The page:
Living The Dream

Beach DreamingThis month I want to talk a bit about living the dream. As a full time science fiction author, I’m in the sometimes unenviable position of working for myself. Like most things indie, it comes with good points and not so good points. It means the boss always knows when I’m goofing off and my employee is a bit lazy. It means I need to take responsibility for deadlines—or not. It means I need to decide—well—everything, really.

But here’s the thing.

My job as a writer isn’t really different from someone pursuing a traditional path. I have a little more flexibility in what I write. I don’t need to write a specific kind of story because of contract, or the kind of story my agent needs in order to interest an acquisitions editor. I can write the stories I want to read but can’t find, secure in the knowledge that my publisher—me—will accept it.

The flip-side is that I never know if the book is any good.

Of course, that’s the same problem Orbit has. Tor and Baen and the rest, too. Nobody knows whether the next book will sink or sail. Every publisher tries to publish the best books possible, but no publisher can predict—successfully—which book will be a hit.

As a publisher, I need to have a few different skills from other writers. I need to know how to put a book together, how to get my books into distribution channels, and how to get readers to find—and buy—them. I need to have a little more knowledge about the various markets, how they work, and what changes I should expect. I need to accept that not everything will work and to trust that enough things will. Generally, my publishing process is the same as any other press.

None of the skills are difficult to acquire when compared to the craft of writing. None of the knowledge is more complex than what I need to master in order to tell a story that people might want to read. None of the work is more complicated than tracking submissions, rejections, synopses, agents, publishers, and sales over the months and years that writers on the traditional path have to do.

As an indie, I control the vertical. I control the horizontal but still don’t know if we’re going to the Twilight Zone or the poor house. I have to trust that we’ll wind up someplace interesting with a landing I can walk away from, because I’m living the dream.

I wouldn’t have it any other way.

Nathan Lowell

Nathan Lowell has been self-publishing his science fiction and fantasy since he started releasing his books in podcast form in 2007.

He frequently writes about social media, marketing, and the life of a full time self-published author.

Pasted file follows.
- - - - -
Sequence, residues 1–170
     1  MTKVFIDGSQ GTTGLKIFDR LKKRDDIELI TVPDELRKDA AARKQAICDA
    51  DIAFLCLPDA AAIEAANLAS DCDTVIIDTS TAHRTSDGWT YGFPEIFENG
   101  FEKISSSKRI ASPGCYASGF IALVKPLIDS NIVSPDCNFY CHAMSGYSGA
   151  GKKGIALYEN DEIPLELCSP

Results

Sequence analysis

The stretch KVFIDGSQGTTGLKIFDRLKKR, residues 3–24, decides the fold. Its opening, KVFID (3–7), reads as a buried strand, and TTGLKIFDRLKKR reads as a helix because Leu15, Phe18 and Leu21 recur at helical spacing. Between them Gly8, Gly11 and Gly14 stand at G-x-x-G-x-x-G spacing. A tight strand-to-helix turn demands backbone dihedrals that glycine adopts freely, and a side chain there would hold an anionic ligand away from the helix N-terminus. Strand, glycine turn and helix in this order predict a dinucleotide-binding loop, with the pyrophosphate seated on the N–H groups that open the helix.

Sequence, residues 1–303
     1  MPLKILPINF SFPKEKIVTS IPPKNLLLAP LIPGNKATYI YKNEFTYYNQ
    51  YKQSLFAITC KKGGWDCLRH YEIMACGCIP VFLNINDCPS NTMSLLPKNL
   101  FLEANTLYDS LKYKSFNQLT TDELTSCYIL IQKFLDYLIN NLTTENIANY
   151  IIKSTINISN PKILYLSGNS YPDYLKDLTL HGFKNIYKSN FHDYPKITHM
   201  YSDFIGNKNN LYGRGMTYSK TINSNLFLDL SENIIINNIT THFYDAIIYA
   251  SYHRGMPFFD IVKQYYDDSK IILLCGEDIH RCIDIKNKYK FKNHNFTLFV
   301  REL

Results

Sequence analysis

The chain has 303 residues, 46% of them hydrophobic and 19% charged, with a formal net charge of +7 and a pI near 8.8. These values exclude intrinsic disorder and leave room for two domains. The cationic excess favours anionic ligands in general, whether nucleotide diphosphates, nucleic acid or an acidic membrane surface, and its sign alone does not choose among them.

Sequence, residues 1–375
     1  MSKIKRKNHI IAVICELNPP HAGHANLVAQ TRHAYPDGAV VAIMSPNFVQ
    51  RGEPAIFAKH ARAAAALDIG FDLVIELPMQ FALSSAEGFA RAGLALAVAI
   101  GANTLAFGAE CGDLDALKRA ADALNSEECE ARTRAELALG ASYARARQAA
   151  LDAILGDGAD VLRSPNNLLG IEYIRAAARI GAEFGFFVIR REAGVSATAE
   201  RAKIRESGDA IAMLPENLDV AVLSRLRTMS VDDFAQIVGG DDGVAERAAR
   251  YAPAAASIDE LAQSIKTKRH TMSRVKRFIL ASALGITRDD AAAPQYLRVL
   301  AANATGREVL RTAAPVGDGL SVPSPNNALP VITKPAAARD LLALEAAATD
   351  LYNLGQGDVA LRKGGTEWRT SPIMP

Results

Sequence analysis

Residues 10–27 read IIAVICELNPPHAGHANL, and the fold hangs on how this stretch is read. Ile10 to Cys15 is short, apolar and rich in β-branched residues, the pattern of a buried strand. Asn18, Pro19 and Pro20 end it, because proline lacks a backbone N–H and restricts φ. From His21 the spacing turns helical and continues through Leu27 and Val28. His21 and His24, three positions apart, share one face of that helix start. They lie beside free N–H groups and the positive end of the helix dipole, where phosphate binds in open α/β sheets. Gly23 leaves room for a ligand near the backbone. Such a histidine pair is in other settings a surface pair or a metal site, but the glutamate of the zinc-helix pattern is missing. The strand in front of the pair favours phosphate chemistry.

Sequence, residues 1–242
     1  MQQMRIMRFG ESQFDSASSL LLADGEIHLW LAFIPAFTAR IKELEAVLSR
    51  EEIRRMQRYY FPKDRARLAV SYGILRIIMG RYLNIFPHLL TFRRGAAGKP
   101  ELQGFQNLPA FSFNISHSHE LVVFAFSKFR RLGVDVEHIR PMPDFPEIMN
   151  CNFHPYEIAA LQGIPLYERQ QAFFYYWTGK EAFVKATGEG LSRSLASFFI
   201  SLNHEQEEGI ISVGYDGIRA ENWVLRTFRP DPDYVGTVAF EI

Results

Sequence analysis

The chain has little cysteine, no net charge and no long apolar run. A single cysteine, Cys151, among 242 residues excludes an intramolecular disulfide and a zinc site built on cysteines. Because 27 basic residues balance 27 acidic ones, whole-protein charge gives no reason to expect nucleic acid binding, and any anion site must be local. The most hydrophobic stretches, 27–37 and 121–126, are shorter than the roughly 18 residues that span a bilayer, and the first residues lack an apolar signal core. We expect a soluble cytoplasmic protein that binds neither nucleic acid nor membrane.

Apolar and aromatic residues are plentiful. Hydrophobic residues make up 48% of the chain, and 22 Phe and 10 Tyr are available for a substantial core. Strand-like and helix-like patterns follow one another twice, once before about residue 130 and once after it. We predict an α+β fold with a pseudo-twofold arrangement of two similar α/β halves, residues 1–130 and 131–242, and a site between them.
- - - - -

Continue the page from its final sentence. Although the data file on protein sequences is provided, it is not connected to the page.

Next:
9 thoughts on “Living The Dream

    • Thanks, Terry.

      There’s a lot of misconceptions about what self publishing means. When it comes to publishing, I think it’s important for all of the RMFW members to understand that the differences between us are much smaller than the values we share. A good story, told well, packaged properly, and read by people who will love it as much as the author does.

      Getting paid is good, too. 🙂

  1. Nathan; Great perspective. I often wonder if self publisher’s reject their submissions? So far, I’m two-for-two, but the first one was iffy for quite some time. You are an inspiration to those who are still new on this journey. Keep up the good work (yes, I know you will or you will have to fire yourself on so many levels!)

    • Thanks, Dean.

      The thing is that I don’t have to reject anything because I can always fix it and resubmit. 🙂

      Some things have been moved to a holding bin until my craft catches up to my vision. That’s a different post, I think. 🙂

  2. Interesting perspective. You really do have a lot of hats to wear as a successful self-published author. I’d like see a breakdown sometime of the percent of time you spend writing vs. the percent of time spent on the business & marketing side.

    • I spend about 5% of my time on the “publishing side” – actual production of the books (formatting, layout, cover art, editing), accounting, and marketing.

      95% of my time goes into making up the stories to feed into the publishing process.

    • To be fair, when I started out I spent twice as much of my time on marketing and production. It took me some time to learn how to do both efficiently and effectively.

      • I swear I’m at a point right now where the marketing and business side is 95%. Part of that is because I’m trying to build my blog and podcast, but still, I need to find a better balance and get a little (and by that I mean a lot) more actual fiction written.

        I’m glad you’ve gotten to where most of the time is spent writing though.

        • If you’re spending that much time, that’s a problem.

          A lot depends on what market you’re playing to. Looks like you’re in the publishing business rather than the writer business – blogging, a podcast, and Theme of Absence. None of those is targeting readers and you’re spending a lot of effort trying to reach out to people who are not going to buy your books.

          The question to answer is “What’s your goal?”

          Numbers can guide you, but knowing what to count and how to assess what those numbers mean can make a big difference when it comes to creating new – salable – product.

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